Bush considers new Iraq course

Updated: 2006-12-27 08:44

CRAWFORD, Texas - US President George W. Bush went to his ranch to rethink US involvement in Iraq as his spokesman hailed a Baghdad court's decision upholding the death sentence for former Iraqi leader Saddam Hussein.

U.S. President George W. Bush and first lady Laura Bush prepare to depart Andrews Air Force Base outside Washington for a week at their Central Texas ranch in Crawford December 26, 2006.
US President George W. Bush and first lady Laura Bush prepare to depart Andrews Air Force Base outside Washington for a week at their Central Texas ranch in Crawford December 26, 2006. [Reuters]
Saddam, who was deposed by the US-led invasion of Iraq in 2003, is to be hanged within 30 days.

"Today marks an important milestone in the Iraqi people's efforts to replace the rule of a tyrant with the rule of law," deputy White House press secretary Scott Stanzel told reporters on Tuesaday aboard Air Force One to Texas, where Bush was to meet this week with his national security team.

Iraq's highest appeals court on Tuesday upheld the November 5 sentence against Saddam for ordering the killing of 148 Shiites in Dujail in 1982, following an attempt on his life. Chief Judge Aref Shahin said the sentence must be implemented within 30 days, and could be carried out as early as Wednesday.

"Saddam Hussein has received due process and legal rights that he denied the Iraqi people for so long, so this is an important day for the Iraqi people," Stanzel said.

The 82nd Airborne Division's 2nd Brigade, which would include as many as 3,300 soldiers, has been ordered to go to Kuwait shortly after the new year, senior defense officials said Tuesday. Defense Secretary Robert Gates has approved the deployment, which had been reported earlier this month, said officials who requested anonymity because the announcement had not yet been made public.

At the Pentagon, officials said Gates is not likely to offer a single solution but, rather, a broad set of recommendations for changing the course in Iraq. A senior Defense Department official, who spoke only on condition of anonymity because Gates' advice to Bush is secret, said the recommendations "would involve many aspects of how we can do things differently."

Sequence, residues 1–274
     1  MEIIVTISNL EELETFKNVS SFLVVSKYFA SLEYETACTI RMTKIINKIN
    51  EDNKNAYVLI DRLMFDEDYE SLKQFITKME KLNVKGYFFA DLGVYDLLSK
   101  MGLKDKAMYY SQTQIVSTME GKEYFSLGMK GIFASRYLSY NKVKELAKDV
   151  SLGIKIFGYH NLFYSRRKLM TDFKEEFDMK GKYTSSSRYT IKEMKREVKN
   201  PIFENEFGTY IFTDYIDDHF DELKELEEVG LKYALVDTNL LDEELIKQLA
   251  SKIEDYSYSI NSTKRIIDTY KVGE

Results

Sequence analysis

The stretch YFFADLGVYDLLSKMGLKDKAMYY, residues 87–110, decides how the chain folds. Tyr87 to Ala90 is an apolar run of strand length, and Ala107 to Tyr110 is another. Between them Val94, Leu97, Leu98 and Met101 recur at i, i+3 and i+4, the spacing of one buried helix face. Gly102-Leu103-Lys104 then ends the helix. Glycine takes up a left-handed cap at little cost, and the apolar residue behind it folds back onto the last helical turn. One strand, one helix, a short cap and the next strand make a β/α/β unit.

Bush, saddled with low approval ratings for his handling of Iraq, will host a National Security Council meeting on Thursday at the ranch, but is not expected to make any final decision on what he says will be a new way forward in Iraq.

Vice President Dick Cheney, Secretary of State Condoleezza Rice, Gates and National Security Adviser Stephen Hadley will attend the meeting.

Stanzel said there could be other National Security Council meetings before the president makes up his mind and delivers a speech to announce his decisions. The speech is expected before the State of the Union address on January 23.

Bush is under mounting pressure to change US involvement in Iraq where violence continued to escalate this month.

On Tuesday, the U.S. military reported that seven more American soldiers had died, pushing the U.S. military death toll for the month to 90. With five days remaining in the month, December is already the second deadliest month for the U.S. military this year, behind the 105 soldiers killed in October.

The latest deaths also brought the number of U.S. military members killed since the beginning of the Iraq war in March 2003 to at least 2,978 - five more than the number killed in the September 11 attacks in New York, Washington and Pennsylvania.

Stanzel said Bush continues to question advisers and think through the consequences of various U.S. actions. "Our forces, coalition forces in Iraq are continuing to take the fight to the enemy, and the president will announce a new way forward when he's comfortable" with his decision, he said.

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